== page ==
- 33. Broughton-Head VJ, Smith JR, Shur J, Shute JK (2007) Actin limits enhancement of nanoparticle diffusion through cystic fibrosis sputum by mucolytics. Pulm Pharmacol Ther 20(6): 708–17.
- 34. LeBleu VS, Macdonald B, Kalluri R (2007) Structure and function of basement membranes. Exp Biol Med 232(9): 1121–9.
- 35. Abrams GA, Schaus SS, Goodman SL, Nealey PF, Murphy CJ (2000) Nanoscale topography of the corneal epithelial basement membrane and Descemet’s membrane of the human. Cornea 19(1): 57–64.
- 36. Steukers L, Glorieux S, Vandekerckhove AP, Favoreel HW, Nauwynck HJ (2012) Diverse microbial interactions with the basement membrane barrier. Trends Microbiol 20(3): 147–55.
- 37. Hanes J, Lai SK, Wang YY, Wirtz D (2009) Micro- and macrorheology of mucus. Adv Drug Deliv Rev 61(2): 86–100.
- 38. King M (1980) Viscoelastic properties of airway mucus. Fed Proc 39(13): 3080–5.
- 39. Lieleg O, Baumgartel RM, Bausch AR (2009) Selective filtering of particles by the extracellular matrix: an electrostatic bandpass. Biophys J 97: 1569–1577.
- 40. Lieleg O, Vladescu I, Ribbeck K (2010) Characterization of particle translocation through mucin hydrogels. Biophys J 98(9): 1782–9.
- 41. Norris DA, Sinko PJ (1997) Effect of size, surface charge, and hydrophobicity on the translocation of polystyrene microspheres through gastrointestinal mucin. J Appl Polym Sci 63: 1481–1492.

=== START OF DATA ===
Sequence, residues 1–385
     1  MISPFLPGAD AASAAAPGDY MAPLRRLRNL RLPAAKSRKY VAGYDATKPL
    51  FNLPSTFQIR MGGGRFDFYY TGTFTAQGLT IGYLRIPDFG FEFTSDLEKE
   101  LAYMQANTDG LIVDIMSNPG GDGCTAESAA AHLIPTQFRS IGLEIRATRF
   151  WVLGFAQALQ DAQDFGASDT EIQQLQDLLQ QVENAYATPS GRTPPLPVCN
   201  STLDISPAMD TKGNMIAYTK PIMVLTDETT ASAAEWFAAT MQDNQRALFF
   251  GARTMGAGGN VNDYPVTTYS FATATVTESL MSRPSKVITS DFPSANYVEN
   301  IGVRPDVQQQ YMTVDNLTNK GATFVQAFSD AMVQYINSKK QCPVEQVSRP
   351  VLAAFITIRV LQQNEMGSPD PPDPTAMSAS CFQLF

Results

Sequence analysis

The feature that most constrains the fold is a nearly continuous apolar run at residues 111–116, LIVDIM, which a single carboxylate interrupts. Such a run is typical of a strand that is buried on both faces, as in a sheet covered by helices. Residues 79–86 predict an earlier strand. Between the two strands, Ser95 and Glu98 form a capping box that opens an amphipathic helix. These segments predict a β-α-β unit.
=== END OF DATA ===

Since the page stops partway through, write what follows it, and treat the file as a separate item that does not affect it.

- 42. Cone RA (2009) Barrier properties of mucus. Adv Drug Deliv Rev 61(2): 75–85.
- 43. Mortazavi SA (1995) An in vitro assessment of mucus/mucoadhesive interactions. Int J Pharm 124: 173.
- 44. McGrane SJ, Mainwaring DE, Cornell HJ, Rix CJ (2004) The Role of Hydrogen Bonding in Amylose Gelation. Starch 56: 122.
- 45. Khutoryanskiy VV (2011) Advances in mucoadhesion and mucoadhesive polymers. Macromol Biosci 11: 748–764.
- 46. Croyle MA, Yu QC, Wilson JM (2000) Development of a Rapid Method for the PEGylation of Adenoviruses with Enhanced Transduction and Improved Stability under Harsh Storage Conditions. Hum Gene Ther 11(12): 1713–1722.
- 47. Croyle MA, Callahan SM, Auricchio A, Schumer G, Linse KD, et al. (2004) PEGylation of a Vesicular Stomatitis Virus G Pseudotyped Lentivirus Vector Prevents Inactivation in Serum. J Virol 78 (2): 912–92.
- 48. Trybala E, Bergström T, Spillmann D, Svennerholm B, Olofsson S, et al. (1996) Mode of interaction between pseudorabies virus and heparan sulfate/heparin. Virology 218(1): 35–42.
- 49. Trybala E, Bergström T, Spillmann D, Svennerholm B, Flynn SJ, et al. (1998) Interaction between pseudorabies virus and heparin/heparan sulfate. Pseudorabies virus mutants differ in their interaction with heparin/heparan sulfate when altered for specific glycoprotein C heparin-binding domain. J Biol Chem 273(9): 5047–52.
- 50. Hampson IN, Kumar S, Gallagher JT (1984) Heterogeneity of cell-associated and secretory heparan sulphate proteoglycans produced by cultured human neuroblastoma cells. Biochim Biophys Acta 801(2): 306–13.
- 51. Emery N, Place GA, Dodd S, Lhermitte M, David G, et al. (1995) Mucous and serous secretions of human bronchial epithelial cells in secondary culture. Am J Respir Cell Mol Biol 12(2): 130–141.
- 52. Agarwal M, King M, Shukla JB (1994) Mucus gel transport in a simulated cough machine: effects of longitudinal grooves representing spacings between arrays of cilia. Biorheology 31: 11–19.